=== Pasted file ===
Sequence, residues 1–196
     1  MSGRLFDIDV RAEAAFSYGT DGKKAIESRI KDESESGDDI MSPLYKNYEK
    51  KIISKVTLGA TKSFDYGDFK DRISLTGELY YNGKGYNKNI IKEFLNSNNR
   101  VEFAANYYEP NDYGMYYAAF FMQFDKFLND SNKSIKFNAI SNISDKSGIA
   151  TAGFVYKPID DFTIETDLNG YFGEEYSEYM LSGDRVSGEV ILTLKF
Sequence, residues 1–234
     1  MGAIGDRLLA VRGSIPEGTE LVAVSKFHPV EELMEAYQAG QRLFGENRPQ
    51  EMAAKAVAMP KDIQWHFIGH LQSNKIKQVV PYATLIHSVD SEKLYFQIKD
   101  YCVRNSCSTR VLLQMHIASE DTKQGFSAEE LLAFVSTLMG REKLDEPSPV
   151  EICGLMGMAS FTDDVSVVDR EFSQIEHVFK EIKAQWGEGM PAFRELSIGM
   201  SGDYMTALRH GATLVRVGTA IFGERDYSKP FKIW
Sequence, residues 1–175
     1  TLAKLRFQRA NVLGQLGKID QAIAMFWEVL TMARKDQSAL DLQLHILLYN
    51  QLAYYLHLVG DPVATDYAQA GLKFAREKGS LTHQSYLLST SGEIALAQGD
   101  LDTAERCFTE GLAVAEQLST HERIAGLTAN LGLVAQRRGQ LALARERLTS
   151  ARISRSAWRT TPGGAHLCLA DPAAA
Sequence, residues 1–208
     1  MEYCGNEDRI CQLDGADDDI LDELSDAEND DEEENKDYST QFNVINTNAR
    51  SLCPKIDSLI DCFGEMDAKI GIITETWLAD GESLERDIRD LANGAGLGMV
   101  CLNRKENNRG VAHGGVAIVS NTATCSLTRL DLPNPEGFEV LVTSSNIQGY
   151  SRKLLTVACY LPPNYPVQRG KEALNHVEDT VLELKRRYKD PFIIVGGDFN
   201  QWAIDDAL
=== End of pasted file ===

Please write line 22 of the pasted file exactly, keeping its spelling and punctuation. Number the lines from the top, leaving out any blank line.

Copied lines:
   201  QWAIDDAL